HC Deb 01 August 1912 vol 41 cc2276-7W

asked the Postmaster-General, with reference to the answer given by him on the 19th August, 1911, when he stated that he anticipated that the occasions would probably be more numerous when the mails would reach New York in time for despatch by the night trains on Thursday nights, if he would state on how many occasions from that date to the present was there an arrival at New York in time for the mails to be despatched to the West by the ordinary night mail trains, in addition to the arrival of the "Mauretania" on the 28th September, when her mail was in time to go forward by such trains, but that ship was not detained at Queenstown to embark mails as, owing to the railway strike, all were put on board at Liverpool; was he aware that since the disaster to the "Titanic" the vessels are taking longer courses and that, as far as the homeward bound ships are concerned, earlier starts have been arranged for the Cunard steamers so as to ensure early arrival; and, in these circumstances, would he take into consideration the whole question and arrange for despatching the mails from Liverpool and so save the time expended at Queenstown, thus, ensuring an early arrival at New York?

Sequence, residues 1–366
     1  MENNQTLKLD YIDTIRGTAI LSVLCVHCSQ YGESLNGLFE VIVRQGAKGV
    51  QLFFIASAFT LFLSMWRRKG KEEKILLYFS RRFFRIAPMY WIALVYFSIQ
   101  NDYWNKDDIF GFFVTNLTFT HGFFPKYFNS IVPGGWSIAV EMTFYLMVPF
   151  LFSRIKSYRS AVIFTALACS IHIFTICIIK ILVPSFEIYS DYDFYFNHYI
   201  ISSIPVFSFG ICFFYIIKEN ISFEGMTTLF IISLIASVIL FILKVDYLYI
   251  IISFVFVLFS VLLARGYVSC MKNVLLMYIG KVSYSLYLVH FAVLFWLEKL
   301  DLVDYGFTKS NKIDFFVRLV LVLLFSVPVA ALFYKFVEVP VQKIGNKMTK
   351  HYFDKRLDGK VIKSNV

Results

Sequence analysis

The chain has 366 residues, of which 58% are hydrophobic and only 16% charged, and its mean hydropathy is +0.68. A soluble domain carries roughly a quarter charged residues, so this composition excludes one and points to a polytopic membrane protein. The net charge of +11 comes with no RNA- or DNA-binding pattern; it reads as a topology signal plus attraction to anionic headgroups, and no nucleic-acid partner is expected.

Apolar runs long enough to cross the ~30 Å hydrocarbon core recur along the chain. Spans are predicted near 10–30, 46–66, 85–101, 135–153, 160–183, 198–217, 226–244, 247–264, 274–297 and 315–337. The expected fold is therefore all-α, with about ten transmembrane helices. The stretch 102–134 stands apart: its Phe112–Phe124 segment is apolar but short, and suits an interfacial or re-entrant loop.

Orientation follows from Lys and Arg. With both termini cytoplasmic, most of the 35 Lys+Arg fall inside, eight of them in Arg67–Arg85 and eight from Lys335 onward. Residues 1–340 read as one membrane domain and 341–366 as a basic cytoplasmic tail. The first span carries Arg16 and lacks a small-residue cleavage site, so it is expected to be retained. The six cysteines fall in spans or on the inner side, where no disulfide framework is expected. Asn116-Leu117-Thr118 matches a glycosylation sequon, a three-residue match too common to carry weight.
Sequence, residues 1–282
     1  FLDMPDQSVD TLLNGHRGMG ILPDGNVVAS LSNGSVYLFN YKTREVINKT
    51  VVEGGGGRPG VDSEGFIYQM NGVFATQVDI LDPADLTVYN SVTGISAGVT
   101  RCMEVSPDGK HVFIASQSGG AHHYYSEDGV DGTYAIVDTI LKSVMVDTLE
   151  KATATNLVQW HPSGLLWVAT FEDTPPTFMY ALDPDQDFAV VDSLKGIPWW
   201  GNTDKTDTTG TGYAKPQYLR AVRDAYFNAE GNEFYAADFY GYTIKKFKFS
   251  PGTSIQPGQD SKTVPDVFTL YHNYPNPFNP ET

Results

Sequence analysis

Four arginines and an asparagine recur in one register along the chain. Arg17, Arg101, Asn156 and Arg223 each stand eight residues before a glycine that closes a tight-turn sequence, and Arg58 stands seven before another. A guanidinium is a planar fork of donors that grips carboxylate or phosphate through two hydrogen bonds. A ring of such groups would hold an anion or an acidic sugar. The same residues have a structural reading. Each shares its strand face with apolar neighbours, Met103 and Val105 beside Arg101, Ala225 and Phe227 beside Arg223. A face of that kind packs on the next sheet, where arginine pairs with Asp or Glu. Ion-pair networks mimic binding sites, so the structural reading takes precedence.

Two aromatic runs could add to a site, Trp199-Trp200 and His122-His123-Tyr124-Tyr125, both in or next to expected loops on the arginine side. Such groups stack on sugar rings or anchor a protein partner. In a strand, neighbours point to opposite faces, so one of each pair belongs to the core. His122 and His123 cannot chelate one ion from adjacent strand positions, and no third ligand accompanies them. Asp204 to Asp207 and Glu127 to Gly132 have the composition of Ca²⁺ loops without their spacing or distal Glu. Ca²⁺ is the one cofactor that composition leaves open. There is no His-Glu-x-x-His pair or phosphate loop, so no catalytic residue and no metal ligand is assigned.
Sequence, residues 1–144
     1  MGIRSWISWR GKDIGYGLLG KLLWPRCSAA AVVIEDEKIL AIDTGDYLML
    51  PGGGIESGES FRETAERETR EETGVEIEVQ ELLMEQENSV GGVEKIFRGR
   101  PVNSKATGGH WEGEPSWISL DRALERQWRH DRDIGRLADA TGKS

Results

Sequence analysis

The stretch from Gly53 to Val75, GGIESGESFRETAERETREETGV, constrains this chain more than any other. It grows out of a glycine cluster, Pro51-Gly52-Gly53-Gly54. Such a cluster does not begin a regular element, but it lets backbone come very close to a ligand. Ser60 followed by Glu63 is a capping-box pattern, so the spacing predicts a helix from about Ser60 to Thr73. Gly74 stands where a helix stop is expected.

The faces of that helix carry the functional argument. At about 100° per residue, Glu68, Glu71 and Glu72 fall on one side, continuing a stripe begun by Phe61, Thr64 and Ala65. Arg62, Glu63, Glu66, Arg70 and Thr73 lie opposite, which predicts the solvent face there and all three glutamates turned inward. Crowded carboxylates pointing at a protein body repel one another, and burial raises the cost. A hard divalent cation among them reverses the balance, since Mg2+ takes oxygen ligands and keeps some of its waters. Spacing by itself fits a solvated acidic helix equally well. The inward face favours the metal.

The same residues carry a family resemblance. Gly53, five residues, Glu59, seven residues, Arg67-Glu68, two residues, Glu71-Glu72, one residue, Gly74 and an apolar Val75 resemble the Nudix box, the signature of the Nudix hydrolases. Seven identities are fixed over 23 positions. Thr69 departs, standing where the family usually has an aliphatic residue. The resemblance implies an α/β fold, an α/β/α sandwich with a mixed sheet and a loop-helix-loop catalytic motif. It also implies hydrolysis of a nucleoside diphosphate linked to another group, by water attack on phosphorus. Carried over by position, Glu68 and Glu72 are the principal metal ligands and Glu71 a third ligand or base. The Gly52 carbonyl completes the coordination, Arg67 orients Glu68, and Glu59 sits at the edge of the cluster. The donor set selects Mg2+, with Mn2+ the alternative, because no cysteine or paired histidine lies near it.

On the occasion to which the hon. Member refers, when the "Mauretania" reached New York on Thursday evening the 28th of September last, a call had been made at Queenstown and mails from Ireland had been embarked there on the morning of the 24th. The mails for Canada, Chicago and the West of the United States were forwarded from New York by trains leaving at 12.25 a.m. and 3.5 a.m. on Friday the 29th. The mails for the West were forwarded at the same time on Friday on four other occasions at about the same pediod of last year. I am aware that a longer course to and from New York is now being taken, and that an earlier start from New York is being made by homeward bound Cunard steamers. The omission of the call at Queenstown by the Cunard Packets sailing from Liverpool would, as I have previously stated, involve in present circumstances a serious curtailment of the facilities for late posting throughout the United Kingdom. This would be the case even in Liverpool. The only return for this positive inconvenience, which would operate every week, would be the problematic advantage of an occasional earlier delivery of the correspondence in the United States of America; and I think there can be no doubt that in present circumstances the balance of advantage rests with the maintenance of the existing arrangement.